Moon Juice Full Moon box

The numbers speak for themselves — natural beauty and beauty supplements are two forces that show no signs of slowing.

What actually constitutes a natural product is another story, but one thing is for sure: consumers are looking for better-for-you products and are latching on to marketing that makes items at least appear to be “natural.” In its natural/spa/wellness category — aka brands with an environmental focus that promote wellness or natural ingredients — The NPD Group is tracking double-digit growth in makeup and skin care. The total market, worth $2.3 billion, grew 12 percent in the 12 months ending June 2017, up from 10 percent the year prior. Skin care, a $1.3 billion market, grew 11 percent, up from 10 percent in 2016. But makeup, a smaller market at $952 million, is showing the fastest growth. It grew 13 percent, up from 9 percent last year. This is momentum can be evidenced already at Sephora, where the retailer has spent the summer unleashing a slew of natural makeup brands into stores, including Antonym and Lilah b.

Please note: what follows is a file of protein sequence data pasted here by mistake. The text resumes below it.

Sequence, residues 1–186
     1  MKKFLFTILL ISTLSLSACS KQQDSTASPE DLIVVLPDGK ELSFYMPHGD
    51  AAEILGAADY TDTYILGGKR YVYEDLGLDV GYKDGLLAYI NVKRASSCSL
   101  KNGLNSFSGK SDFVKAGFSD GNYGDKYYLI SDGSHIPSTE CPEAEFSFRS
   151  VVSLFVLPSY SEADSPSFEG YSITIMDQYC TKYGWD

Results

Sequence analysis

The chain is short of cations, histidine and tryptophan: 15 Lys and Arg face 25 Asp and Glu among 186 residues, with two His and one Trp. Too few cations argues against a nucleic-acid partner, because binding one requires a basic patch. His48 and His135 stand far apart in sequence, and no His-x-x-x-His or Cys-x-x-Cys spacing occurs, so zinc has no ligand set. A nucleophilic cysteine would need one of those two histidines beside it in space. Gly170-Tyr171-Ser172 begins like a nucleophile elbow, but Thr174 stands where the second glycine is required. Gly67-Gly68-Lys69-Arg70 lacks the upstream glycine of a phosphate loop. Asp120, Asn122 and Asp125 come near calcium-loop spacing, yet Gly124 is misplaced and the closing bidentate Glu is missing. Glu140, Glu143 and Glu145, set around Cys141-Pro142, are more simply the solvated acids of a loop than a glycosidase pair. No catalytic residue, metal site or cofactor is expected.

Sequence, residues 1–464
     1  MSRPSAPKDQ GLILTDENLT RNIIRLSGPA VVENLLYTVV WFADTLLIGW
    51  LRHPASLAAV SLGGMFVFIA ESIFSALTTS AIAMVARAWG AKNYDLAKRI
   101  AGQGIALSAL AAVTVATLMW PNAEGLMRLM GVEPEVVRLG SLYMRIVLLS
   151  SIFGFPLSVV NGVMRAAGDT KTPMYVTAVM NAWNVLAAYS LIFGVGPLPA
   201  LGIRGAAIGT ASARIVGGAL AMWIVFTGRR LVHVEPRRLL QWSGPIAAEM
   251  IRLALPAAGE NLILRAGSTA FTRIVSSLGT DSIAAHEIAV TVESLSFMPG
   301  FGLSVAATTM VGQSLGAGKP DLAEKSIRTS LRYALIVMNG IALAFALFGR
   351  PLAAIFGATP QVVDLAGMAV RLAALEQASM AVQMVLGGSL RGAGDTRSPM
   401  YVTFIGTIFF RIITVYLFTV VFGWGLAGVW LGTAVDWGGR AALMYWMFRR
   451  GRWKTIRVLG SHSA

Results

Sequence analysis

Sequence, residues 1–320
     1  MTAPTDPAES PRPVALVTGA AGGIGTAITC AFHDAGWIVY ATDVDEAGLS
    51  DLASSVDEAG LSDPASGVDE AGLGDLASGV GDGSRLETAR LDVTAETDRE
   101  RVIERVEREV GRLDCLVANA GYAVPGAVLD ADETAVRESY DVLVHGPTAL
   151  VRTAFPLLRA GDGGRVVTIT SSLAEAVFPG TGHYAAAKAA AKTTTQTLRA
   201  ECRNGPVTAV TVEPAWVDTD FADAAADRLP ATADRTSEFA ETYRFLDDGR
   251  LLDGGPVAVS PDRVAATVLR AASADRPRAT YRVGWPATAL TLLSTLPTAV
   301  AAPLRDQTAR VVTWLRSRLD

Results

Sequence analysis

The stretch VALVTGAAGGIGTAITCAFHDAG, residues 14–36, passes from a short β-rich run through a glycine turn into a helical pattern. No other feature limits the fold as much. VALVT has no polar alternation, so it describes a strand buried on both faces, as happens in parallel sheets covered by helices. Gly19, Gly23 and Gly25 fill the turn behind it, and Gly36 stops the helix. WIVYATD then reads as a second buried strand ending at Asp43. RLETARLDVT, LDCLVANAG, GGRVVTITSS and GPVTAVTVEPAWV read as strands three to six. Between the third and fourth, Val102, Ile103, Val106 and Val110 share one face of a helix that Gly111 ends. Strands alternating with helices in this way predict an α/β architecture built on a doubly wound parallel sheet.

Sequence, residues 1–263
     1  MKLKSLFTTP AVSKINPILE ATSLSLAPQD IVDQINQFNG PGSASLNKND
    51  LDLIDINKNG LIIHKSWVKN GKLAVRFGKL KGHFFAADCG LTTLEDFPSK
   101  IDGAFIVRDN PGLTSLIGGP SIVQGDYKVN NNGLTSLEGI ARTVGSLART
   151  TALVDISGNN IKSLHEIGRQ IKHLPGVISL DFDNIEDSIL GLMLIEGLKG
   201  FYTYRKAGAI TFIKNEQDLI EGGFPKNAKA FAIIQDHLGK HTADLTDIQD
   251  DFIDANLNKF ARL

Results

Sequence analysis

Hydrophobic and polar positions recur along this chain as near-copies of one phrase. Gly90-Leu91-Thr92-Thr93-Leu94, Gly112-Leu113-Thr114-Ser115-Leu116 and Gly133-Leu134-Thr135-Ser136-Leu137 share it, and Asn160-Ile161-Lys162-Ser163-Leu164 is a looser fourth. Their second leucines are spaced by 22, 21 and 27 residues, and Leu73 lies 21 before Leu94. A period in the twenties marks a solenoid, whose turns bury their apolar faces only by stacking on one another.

The retailer will also step further into the ingestible category this fall with the addition of wellness end caps in 20 to 30 of its doors. Moon Juice, the cult California brand of adaptogenic herbal dusts, will launch in Sephora in September, along with The Beauty Chef, an Australian line of probiotic beauty powders and topical skin care that promise a lit-from-within glow. Lumity, a U.K.-based beauty supplement line, tapped Helena Christensen for a marketing campaign set to hit the U.S. this fall. Supplements and the idea of beauty-from-within show no signs of shopping. NPD told WWD that facial skin-care supplements are the smallest but fastest-growing category that the group tracks.

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